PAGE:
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Cloudy With A Chance Of Meatballs Book Vs Movie Essay

Plot Summary

     Cloudy With A Chance of Meatballs, byJudi Barrettand Illustrated byRon Barrett is a well known children's storybook.  It has sold over three million copies since its publication in 1982.  Children all over the world have become familiar with this book.  It brings humor, fantasy, and imagination into classrooms throughout.  Children have the chance to imagine what a town like Chewandswallow would be like to live in. 

     The book changes from reality to fantasy.  It starts off as any other regular day, the family sitting down for breakfast, but turns into this magical world outside of that.  This world, is unlike anything else.  Food actually falls from the sky three times a day; for breakfast, lunch, and dinner.  The residents of Chewandswallow,a small town with extremely unusual weather patterns, carry their plates, cups, glasses, forks, spoons, knives, and napkins because they never knew what kind of "weather" they were going to encounter.

 

 

Textual Elements

Plot:  

     Cloudy With a Chance of Meatballsbegins as an ordinary day, being the ‘reality’ aspect of the novel.  It tells of a family having breakfast then leads to the grandfather tucking his grandchildren into bed at night.  This is when he makes up a bedtime story to his grandchildren which is a tall-tale.   His story takes the children for a wild adventure.  He tells about a small town, Chewandswallow, whose weather conditions consist of the town’s meals for the day.  There is not a day that the residents need to go grocery shopping.  In fact, the weather for the next day is forecasted on the television.  Every time the people in Chewandswallow went outside they took their plates, utensils, and cups so they were prepared for the weather.

          Food would fall from the sky for each meal of the day.  The weather would bring orange juice, hamburgers, baked potatoes, and Jell-O.  The people of Chewandswallow are happy and content with their situation, until the weather takes a turn for the worse.  The meals consisted of Gorgonzola cheese for a WHOLE day, overcooked broccoli and weird combinations of food suck as brussel sprouts and peanut butter with mayonnaise.  One day it only snowed cheese, which made the town smell. One day there was a continuous cloud of pea soup fog, nobody could see where they were going and their other meals got lost amongst the heavy fog. Another day a storm of salt and pepper blew in, making everyone sneeze.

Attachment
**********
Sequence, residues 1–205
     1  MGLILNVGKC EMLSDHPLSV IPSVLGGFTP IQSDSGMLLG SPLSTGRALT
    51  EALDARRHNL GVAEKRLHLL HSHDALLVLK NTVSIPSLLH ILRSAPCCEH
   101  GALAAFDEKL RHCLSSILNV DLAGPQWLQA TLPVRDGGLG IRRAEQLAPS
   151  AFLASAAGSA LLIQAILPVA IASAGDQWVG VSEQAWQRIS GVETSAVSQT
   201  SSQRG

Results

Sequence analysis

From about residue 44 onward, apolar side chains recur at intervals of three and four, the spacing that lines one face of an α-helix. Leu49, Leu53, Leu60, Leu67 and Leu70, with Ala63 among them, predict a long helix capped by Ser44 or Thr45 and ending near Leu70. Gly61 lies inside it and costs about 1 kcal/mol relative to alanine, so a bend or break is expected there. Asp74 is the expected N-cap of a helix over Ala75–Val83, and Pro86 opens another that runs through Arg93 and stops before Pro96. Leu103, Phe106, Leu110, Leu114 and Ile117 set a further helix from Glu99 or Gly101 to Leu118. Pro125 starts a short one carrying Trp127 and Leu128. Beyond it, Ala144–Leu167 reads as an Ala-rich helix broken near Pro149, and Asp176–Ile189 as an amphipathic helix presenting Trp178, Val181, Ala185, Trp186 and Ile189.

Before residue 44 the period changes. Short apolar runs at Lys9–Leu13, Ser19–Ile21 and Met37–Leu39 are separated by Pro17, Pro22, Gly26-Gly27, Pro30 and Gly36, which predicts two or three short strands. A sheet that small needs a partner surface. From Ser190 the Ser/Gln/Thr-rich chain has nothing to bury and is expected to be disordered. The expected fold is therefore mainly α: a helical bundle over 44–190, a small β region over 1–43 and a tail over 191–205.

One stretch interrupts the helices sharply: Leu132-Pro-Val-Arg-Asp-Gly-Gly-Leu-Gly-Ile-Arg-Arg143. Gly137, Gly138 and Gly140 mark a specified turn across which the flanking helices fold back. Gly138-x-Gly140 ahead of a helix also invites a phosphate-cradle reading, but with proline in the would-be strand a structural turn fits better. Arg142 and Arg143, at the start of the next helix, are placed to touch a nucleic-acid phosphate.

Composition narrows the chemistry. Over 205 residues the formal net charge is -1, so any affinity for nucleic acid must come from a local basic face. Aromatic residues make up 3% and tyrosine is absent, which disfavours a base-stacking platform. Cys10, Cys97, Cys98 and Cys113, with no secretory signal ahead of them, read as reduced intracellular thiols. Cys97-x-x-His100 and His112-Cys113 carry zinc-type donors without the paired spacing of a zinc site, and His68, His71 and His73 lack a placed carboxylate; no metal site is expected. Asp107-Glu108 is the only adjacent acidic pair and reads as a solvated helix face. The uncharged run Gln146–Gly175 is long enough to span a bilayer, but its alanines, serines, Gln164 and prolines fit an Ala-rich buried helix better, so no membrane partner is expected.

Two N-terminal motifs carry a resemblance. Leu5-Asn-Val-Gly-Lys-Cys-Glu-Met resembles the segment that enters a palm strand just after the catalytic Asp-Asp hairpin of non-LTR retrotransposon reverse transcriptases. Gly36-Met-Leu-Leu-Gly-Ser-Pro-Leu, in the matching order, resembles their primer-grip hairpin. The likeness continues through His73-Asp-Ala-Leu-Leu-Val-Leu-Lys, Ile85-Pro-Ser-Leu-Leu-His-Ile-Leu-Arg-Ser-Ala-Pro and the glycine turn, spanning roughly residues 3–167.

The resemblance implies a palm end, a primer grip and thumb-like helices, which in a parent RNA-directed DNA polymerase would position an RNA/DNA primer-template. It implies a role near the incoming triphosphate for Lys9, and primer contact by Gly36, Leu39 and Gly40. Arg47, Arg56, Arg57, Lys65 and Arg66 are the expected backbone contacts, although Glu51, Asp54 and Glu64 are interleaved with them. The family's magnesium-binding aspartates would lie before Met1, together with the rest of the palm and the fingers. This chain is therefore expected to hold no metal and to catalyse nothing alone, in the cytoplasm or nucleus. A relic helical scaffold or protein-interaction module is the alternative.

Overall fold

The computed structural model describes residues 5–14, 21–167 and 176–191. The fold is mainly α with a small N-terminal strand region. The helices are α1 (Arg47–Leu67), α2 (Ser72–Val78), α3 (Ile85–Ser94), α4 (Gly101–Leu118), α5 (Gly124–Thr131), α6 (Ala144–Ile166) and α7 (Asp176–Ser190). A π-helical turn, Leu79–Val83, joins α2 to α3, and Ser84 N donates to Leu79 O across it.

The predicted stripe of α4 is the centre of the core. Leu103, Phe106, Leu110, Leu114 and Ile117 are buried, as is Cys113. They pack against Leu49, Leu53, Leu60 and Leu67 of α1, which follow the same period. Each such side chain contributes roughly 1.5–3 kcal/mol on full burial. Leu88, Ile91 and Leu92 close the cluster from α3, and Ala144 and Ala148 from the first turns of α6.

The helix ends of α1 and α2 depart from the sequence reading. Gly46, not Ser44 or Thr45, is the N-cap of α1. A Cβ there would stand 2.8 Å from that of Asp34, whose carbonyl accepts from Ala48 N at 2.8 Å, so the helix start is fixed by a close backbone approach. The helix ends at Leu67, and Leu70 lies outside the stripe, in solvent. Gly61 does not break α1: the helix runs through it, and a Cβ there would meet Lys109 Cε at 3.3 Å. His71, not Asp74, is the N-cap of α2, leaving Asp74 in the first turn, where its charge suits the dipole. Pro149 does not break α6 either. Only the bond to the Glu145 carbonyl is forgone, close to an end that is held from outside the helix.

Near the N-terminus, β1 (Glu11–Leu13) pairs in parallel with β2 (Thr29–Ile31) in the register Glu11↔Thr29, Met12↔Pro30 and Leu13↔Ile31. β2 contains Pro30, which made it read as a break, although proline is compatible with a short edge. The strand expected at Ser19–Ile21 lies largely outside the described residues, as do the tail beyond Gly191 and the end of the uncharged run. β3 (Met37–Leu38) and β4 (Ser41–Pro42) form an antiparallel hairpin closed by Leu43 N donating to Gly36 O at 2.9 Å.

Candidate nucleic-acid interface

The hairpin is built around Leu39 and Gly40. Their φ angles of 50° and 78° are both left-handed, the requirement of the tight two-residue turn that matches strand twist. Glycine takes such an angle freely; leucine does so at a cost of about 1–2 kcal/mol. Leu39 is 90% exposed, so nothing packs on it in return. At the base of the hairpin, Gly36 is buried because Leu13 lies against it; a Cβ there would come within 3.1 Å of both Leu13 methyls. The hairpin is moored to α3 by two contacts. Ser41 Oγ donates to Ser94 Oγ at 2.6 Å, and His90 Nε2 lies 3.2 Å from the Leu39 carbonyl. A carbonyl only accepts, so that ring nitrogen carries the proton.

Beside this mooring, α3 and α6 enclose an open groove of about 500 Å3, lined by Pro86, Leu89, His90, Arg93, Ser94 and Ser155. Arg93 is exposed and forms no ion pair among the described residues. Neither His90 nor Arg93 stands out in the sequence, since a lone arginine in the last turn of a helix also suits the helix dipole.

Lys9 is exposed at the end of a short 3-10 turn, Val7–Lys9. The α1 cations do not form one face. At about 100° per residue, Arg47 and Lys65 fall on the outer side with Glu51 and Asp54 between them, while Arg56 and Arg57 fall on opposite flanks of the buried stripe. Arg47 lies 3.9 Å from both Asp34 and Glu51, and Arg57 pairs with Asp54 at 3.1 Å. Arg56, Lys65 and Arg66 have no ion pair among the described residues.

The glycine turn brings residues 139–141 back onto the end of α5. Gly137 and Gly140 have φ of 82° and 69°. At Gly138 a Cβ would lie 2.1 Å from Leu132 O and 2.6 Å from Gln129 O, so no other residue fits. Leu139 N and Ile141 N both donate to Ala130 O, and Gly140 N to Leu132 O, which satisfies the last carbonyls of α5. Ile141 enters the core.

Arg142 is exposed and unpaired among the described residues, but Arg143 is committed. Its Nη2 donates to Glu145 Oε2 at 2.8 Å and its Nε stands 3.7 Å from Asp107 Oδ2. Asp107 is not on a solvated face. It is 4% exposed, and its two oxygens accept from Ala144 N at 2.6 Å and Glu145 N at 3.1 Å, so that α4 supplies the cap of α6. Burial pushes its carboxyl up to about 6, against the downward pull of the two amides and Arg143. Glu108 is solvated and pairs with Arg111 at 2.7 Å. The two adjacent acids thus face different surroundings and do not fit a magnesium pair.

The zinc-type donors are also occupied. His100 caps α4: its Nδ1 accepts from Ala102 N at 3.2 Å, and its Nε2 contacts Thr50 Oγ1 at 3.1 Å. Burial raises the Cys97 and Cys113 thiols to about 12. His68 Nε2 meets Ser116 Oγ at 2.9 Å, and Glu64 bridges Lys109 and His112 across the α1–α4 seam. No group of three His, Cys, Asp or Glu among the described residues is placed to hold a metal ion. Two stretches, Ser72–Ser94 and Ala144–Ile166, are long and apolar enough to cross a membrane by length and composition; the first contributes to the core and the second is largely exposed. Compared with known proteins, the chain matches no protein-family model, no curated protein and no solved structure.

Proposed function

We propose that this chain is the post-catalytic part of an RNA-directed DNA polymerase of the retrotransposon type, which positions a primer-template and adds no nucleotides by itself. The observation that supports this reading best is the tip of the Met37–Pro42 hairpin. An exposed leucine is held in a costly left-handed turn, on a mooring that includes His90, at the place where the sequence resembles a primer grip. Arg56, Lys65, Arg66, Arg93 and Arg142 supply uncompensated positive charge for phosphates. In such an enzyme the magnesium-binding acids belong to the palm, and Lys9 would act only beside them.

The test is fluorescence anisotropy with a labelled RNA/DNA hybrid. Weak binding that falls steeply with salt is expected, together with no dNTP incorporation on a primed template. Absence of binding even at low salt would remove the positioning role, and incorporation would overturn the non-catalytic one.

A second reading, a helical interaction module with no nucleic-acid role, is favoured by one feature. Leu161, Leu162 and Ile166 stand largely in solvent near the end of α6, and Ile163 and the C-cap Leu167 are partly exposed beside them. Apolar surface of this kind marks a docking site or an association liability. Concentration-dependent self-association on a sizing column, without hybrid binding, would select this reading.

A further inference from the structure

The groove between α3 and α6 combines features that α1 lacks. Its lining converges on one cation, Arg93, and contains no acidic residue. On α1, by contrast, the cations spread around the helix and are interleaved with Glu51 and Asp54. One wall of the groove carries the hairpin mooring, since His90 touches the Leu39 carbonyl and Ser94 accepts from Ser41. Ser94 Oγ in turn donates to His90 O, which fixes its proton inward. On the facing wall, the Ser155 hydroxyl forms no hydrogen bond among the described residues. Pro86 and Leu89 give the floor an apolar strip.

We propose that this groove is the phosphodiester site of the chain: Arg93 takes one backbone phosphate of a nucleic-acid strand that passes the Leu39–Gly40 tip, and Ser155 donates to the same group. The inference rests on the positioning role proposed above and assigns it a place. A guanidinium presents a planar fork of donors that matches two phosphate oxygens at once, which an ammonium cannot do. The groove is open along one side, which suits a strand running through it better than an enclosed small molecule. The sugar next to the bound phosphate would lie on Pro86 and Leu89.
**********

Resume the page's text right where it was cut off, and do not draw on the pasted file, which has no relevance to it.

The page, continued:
Sooner or later the conditions get so bad that the Sanitation Department cannot keep up with the weather.   A huge pancake has fallen on the school, and meatballs are damaging houses.  The town is a mess and the people decide they need to leave. The townspeople build boats out of humongous stale bread and take off for a new land. They arrive in a small town off the coast and decide to settle there.  Happy to be out of the mess, they have to adjust to their new lifestyle of buying their food from the grocery store and actually prepare it themselves.

Setting:

     The setting starts off in the kitchen of a home.  It then shifts to the children’s bedroom where the grandfather tells a bedtime story.  The magical story then takes place in a small town called, Chewandswallow.  It is an odd town in the fact that the weather conditions are like any other.  

 

Characters:

     Throughout the novel there is not a main character.  The story begins with a young girl (whose name is never mentioned), her brother Henry, their Grandfather, and their mother.  However, the context of the story mainly takes place in Chewandswallow where nobody is ever identified within the city.  Nevertheless, there is an illustration of a man who is a resident in Chewandswallow who is the same man as the grandfather who is telling the story.  Names are never used throughout the book except for the brother Henry who is identified when grandpa accidentally flips a pancake on his head while cooking.